MANILA – Department of Finance (DOF) Secretary Carlos Dominguez III underscored anew Thursday the urgency of addressing the worsening climate crisis, saying the “fate of future generations hangs in the balance” if nations continue to dillydally on the implementation of “practical and localized” projects to save the planet from global warming.
Dominguez said this was the reason why the Philippines has decided to pursue its grassroots-based climate action projects -- on its own if necessary -- without waiting for the annual US$100-billion climate financing pledged 12 years ago by industrialized nations to developing economies, which are the most vulnerable to the impact of planet warming.
He thanked one of these industrialized nations -- the United States -- for awarding the Philippines with a climate action project designed to support localized initiatives on adapting to and mitigating the effects of climate change.
Launched Thursday, this US$15 million (about P732 million), five-year Climate Resilient Cities (CRC) project of the United States Agency for International Development (USAID) will benefit the local government units (LGUs) in the climate-vulnerable cities of Batangas, Legazpi, Iloilo, Borongan, Cotabato, and Zamboanga.
The project aims to assist these LGUs in using climate information for planning and decision-making; improving their capacity to access and manage climate finance; and increasing their climate resilience through natural climate solutions.
“On behalf of the Philippine government, let me thank the United States Government for supporting the Resilient Cities Project. This timely initiative will help arm our local communities with the necessary knowledge to enable them to formulate climate adaptation and mitigation projects on the ground,” said Dominguez during the project launch held at the US Embassy in Manila.
Dominguez, who is the official representative of President Rodrigo Duterte to the Climate Change Commission (CCC), said that with the climate financing committed by industrialized economies remaining unavailable and inaccessible, developing countries like the Philippines should now prepare to undertake mitigation measures on their own.
He said the annual US$100-billion financing that should have been mobilized by 2020 was “supposed to drive green financing, especially in emerging economies willing to lead the way in mitigation.”
“The Philippines cannot wait for the industrial nations to recognize the urgency of the situation. We are determined to move ahead on our own if necessary. We will take action now. We owe that to the Filipino people,” he added. “This is because the planet cannot wait and the fate of future generations hangs in the balance.”
Dominguez said the Philippines has been working hard to build “practical and localized action plans to help mobilize our communities to meet the challenges posed by climate change” as it is among the most vulnerable to its ill effects even though it contributes only 0.3 percent to global greenhouse gas (GHG).
“Thus, we submitted a bold commitment to reduce such emissions by 75 percent in 2030. We are disappointed, however, that the Western countries with the greatest volume of emissions were far less ambitious in their commitments to rescue the planet,” he said.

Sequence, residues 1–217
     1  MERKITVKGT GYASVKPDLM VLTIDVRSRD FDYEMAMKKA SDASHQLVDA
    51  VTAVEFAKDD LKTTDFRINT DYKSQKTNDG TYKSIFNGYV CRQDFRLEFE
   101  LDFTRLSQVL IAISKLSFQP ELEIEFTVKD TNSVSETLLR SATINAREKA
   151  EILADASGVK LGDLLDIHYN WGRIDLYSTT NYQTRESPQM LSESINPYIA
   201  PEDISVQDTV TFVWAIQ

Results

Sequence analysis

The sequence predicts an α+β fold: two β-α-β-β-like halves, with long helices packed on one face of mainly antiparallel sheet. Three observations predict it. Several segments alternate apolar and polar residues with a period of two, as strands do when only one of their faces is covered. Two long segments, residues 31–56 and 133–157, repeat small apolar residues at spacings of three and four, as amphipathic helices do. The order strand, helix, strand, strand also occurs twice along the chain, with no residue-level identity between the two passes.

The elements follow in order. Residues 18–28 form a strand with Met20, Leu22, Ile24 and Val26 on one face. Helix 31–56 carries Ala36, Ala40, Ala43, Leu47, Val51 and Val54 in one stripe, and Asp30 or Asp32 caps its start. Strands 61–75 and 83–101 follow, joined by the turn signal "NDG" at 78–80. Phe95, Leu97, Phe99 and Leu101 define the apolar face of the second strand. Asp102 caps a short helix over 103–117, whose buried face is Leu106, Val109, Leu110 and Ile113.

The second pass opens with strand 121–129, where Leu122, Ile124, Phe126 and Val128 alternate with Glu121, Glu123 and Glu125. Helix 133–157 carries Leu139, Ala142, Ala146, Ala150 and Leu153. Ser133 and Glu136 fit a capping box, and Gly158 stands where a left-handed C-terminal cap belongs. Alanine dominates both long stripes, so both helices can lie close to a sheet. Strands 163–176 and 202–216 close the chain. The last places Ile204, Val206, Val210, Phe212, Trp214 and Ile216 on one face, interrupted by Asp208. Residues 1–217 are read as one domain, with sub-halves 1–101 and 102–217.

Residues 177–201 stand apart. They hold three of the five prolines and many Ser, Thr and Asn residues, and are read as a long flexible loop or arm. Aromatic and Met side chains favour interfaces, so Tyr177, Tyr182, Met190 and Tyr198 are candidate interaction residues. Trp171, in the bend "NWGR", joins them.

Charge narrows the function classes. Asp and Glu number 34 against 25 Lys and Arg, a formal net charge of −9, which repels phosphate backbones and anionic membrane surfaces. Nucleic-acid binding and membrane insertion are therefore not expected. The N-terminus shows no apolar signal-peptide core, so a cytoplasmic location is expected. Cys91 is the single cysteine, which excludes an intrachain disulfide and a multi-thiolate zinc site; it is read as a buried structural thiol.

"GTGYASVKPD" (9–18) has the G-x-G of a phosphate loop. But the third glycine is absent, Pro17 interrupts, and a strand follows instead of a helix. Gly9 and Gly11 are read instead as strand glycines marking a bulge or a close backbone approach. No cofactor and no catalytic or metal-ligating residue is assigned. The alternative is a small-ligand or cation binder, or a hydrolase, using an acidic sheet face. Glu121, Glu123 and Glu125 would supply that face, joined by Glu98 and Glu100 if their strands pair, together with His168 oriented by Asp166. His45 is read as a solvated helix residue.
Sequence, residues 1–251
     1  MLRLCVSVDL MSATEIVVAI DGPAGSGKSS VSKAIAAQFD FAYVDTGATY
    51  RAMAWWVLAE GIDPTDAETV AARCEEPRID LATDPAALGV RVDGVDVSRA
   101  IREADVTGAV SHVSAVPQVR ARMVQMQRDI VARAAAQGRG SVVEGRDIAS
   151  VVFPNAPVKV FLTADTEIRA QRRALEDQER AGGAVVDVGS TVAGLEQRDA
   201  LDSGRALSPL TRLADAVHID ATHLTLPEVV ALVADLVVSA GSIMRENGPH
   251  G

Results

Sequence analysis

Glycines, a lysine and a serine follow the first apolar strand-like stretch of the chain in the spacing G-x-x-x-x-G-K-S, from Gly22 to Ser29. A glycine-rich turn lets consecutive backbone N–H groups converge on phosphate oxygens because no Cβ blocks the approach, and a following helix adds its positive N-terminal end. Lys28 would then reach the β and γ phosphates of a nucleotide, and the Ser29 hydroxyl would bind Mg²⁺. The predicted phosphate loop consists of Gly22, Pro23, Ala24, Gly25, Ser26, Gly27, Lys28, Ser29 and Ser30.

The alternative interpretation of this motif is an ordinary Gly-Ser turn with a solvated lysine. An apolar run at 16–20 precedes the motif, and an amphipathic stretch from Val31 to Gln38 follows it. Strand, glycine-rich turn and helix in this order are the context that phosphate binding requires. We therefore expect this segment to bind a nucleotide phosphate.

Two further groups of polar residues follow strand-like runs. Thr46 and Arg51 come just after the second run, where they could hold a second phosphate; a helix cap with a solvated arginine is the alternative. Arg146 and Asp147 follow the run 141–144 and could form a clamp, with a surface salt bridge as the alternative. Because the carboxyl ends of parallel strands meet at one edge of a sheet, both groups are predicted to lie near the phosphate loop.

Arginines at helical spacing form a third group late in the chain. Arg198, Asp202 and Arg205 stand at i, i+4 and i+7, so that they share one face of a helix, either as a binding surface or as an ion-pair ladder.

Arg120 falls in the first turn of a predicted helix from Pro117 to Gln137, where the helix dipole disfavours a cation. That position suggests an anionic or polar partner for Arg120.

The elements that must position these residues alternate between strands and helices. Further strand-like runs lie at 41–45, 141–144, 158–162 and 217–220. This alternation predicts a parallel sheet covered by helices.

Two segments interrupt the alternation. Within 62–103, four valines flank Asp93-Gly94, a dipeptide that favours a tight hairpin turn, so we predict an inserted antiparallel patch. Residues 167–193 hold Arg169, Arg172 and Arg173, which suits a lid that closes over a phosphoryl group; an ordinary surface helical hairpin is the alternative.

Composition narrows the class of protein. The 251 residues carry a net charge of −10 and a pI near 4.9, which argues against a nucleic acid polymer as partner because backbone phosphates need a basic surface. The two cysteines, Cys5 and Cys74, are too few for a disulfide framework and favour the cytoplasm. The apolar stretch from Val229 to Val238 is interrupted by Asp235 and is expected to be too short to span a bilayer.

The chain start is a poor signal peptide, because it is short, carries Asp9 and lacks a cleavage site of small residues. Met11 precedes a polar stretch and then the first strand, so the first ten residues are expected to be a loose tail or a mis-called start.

“On top of that, the Western countries that polluted and continue to pollute the planet the most for the last 170 years are not fulfilling their commitment to providing 100 billion US dollars in annual financing support for the global mitigation effort. We are disappointed that the highly industrialized nations are taking their time, splitting hairs, theorizing endlessly while the planet burns,” he added.
On the part of the Philippines, it is now preparing its people for the “difficult task of creating a green economy and reducing emissions,” which is rooted in “a comprehensive movement initiated from the grassroots,” Dominguez said.
Among the measures initiated by the Philippines is the launching of its Sustainable Finance Roadmap to spur public and private investments in green projects; and its partnership with the Asian Development Bank (ADB) and private sector partners in developing the Energy Transition Mechanism (ETM), which is envisioned to become the largest emission-mitigation program in the world, he said.
The government is also pushing, he said, a law banning single-use plastics and has reconstituted its CCC panel of climate change mitigation and adaptation experts to include individuals from all corners of the country who are ready to engage fisherfolk and farmers in preparing them to execute localized action plans.
Dominguez said the Philippine delegation to last year’s 26th United Nations Climate Change Conference of the Parties (COP26) underscored the need for a sustainable “blended mix” of grants for capacity building, investments in green projects, and subsidies addressing the needs of communities transitioning to a climate-resilient economy.
“These three simple elements should be at the heart of climate finance. However, the COP seems to require three more years to work out the definition, concept and parameters of climate finance,” said Dominguez, who led the Philippine delegation to last year’s COP26 in Glasgow, Scotland.
The Philippine delegation also proposed that multilateral banks work together in catalyzing financial flows to developing countries to meet their climate change objectives by putting in place vetting processes for projects that enhance trust, enforce transparency, and encourage prudence in spending taxpayers money, he said. (PR)